Tennis elbow is an injury that affects the tendons attaching to the outside portion of the elbow. One or more tendons suffer a partial or complete tear.
Overuse of the extensor muscles that are attached to the outside of the ulna, like errant backhand swings and top spin motions, can cause tennis elbow. Conversely, golfer’s elbow affects the inside part of the elbow due to a swinging motion that flexes and rotates the wrist as compared to extending the wrist. A direct hard bump is sometimes the culprit. Treatment options are in some ways similar for both.
Weekend warriors who do not have enough endurance or well developed muscles surrounding the wrist and elbow, as well as technique issues, are more susceptible to this type of injury.
Symptoms of Tennis Elbow
Pain at the lateral side of the elbow is very common. The pain may extend down the forearm as well, along the path of the defective tendon and respective muscle.
The pain is generally aggravated by use of the hand and wrist, such as lifting and forceful gripping and twisting. Tennis elbow may also cause similar discomfort along the medial (inside) part of the elbow. Tennis elbow is very common and often develops in people in the fourth and fifth decades of life.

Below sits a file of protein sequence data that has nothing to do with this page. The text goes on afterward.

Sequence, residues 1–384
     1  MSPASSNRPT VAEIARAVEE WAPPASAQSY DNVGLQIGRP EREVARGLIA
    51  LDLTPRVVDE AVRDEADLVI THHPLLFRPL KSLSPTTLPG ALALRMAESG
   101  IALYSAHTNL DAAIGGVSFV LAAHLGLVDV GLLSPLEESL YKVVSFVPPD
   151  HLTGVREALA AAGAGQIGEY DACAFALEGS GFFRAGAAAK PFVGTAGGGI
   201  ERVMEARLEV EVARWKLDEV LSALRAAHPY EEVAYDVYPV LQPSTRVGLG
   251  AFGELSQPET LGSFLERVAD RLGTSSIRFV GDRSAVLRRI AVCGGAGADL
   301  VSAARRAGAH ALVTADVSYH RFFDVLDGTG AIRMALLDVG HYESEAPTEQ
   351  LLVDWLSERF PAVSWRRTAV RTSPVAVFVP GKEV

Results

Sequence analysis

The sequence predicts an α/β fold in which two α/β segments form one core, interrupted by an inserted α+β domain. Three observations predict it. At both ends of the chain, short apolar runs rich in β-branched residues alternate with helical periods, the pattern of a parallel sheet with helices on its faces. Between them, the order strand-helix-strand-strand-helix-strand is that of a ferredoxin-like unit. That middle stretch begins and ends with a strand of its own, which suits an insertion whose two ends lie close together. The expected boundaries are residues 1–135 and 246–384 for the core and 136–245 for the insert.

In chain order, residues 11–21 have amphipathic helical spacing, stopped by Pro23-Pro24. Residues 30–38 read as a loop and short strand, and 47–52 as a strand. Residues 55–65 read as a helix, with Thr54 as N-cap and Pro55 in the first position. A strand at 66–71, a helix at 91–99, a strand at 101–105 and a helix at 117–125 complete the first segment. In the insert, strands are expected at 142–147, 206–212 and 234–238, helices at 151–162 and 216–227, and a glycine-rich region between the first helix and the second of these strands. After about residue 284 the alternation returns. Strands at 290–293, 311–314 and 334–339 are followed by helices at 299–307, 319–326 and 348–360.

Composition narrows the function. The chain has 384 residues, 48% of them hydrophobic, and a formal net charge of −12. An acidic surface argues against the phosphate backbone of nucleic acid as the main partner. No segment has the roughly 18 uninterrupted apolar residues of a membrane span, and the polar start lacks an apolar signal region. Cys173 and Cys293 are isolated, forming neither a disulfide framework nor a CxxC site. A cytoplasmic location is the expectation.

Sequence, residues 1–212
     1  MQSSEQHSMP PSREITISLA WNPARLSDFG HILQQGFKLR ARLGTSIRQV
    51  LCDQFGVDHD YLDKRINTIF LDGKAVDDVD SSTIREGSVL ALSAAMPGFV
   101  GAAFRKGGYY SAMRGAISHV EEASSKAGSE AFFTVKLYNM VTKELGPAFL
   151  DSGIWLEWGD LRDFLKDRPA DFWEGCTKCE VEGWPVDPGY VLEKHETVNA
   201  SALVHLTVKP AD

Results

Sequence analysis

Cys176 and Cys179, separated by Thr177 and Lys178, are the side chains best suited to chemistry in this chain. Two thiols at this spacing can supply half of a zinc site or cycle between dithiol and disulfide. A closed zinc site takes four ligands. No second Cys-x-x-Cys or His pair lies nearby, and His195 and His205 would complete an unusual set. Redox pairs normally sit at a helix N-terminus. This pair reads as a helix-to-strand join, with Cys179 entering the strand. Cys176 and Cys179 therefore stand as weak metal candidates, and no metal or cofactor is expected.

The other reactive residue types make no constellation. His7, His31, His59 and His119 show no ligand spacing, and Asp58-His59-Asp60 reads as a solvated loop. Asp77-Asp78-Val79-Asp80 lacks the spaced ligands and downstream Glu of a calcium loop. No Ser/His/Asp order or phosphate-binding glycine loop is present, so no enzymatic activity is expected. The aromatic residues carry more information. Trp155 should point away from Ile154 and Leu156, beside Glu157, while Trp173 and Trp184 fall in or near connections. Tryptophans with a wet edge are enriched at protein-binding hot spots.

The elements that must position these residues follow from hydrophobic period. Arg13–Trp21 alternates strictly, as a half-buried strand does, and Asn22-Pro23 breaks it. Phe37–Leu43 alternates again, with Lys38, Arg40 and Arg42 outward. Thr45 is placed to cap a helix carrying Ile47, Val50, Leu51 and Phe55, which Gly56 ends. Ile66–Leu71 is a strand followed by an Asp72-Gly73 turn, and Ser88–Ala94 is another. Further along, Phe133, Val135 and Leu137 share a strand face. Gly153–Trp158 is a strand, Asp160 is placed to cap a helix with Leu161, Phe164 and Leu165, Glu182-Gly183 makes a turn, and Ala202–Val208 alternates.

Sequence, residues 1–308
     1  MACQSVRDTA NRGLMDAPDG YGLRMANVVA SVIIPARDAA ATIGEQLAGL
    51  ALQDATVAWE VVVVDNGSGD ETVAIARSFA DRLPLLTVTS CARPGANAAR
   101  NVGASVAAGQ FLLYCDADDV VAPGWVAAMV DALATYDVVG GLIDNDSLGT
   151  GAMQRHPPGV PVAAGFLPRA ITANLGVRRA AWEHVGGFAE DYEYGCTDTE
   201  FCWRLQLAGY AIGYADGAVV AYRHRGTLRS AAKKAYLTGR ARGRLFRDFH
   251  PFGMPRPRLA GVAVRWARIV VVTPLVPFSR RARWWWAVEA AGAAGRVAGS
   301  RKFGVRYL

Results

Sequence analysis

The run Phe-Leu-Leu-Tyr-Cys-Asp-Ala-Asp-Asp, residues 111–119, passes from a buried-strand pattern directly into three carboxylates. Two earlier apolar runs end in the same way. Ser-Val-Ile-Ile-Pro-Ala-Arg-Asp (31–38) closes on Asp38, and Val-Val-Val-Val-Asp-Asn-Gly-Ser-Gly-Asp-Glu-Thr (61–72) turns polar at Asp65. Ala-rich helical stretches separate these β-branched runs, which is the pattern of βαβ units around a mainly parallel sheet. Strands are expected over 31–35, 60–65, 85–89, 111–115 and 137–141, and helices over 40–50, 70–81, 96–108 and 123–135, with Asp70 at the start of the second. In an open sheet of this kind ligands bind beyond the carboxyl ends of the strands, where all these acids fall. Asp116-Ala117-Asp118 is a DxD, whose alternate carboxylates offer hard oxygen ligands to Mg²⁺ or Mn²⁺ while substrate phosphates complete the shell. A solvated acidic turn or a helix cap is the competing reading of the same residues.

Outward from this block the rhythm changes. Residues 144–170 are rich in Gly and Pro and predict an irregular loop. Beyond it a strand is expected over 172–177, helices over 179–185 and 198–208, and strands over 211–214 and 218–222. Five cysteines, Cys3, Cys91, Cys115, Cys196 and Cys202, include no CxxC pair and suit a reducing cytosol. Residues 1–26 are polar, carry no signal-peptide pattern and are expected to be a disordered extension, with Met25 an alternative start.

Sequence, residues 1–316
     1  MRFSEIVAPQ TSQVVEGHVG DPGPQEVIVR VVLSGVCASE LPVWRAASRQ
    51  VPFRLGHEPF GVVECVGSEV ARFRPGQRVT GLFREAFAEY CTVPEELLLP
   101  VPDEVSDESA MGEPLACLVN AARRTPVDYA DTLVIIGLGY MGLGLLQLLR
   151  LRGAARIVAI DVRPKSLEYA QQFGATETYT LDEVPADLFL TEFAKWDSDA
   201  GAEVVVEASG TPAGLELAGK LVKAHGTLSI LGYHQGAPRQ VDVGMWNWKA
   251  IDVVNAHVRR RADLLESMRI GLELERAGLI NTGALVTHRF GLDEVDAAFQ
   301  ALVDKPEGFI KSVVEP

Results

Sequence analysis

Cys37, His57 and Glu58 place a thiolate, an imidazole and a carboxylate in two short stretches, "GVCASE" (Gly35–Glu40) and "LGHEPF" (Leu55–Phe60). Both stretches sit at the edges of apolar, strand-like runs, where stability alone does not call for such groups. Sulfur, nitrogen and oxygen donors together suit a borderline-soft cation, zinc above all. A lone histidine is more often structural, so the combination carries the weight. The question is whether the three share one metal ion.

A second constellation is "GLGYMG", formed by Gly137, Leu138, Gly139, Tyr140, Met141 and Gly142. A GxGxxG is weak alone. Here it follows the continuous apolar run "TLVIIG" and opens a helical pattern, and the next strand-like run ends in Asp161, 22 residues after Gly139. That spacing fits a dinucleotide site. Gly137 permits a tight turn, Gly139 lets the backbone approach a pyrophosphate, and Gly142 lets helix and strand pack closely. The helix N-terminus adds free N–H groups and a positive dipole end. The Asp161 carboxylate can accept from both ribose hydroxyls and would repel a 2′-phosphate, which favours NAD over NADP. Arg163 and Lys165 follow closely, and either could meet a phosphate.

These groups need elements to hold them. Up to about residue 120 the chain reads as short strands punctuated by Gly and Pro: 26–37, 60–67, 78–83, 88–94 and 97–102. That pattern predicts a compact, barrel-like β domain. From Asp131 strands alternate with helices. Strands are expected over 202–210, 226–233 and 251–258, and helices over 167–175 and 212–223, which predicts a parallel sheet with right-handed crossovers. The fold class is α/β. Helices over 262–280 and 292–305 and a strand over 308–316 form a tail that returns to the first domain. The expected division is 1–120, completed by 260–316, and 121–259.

Tennis Elbow Options
Conservative treatments such as rest, ice, anti-inflammatory medication, physical therapy, counterforce bracing, wrist splinting, and cortisone and platelet rich plasma injections may help to heal a tennis elbow injury. Athletes may be instructed to engage in strengthening exercises as well as those to improve endurance, pyrometrics and coordination.
In cases where conservative treatment is ineffective, the patient may benefit from arthroscopic or mini-open surgery.
How Tennis Elbow Surgery is Performed
Tennis elbow surgery can be performed in one of two ways, depending on the extent of damage, patient preference and doctor recommendation .
The more traditional procedure, which may be done arthroscopically or minimally invasively, entails entirely excising the damaged pieces of the lateral extensor tendon.
The newer technique, pioneered by hand surgeon, Dr. Mark Pruzansky – involves the minimally invasive debridement, repair and reattachment of the damaged tendon to the lateral epicondyle prominence of the elbow. This has a higher success rate and leads to greater recovery of forearm strength.
In both instances, surgery is followed by a brief period of immobilization with free use of the hand, followed by physical therapy tailored to the individual.
Call hand surgeon, Dr. Pruzansky, 212-249-8700 to schedule an appointment to keep your elbows healthy.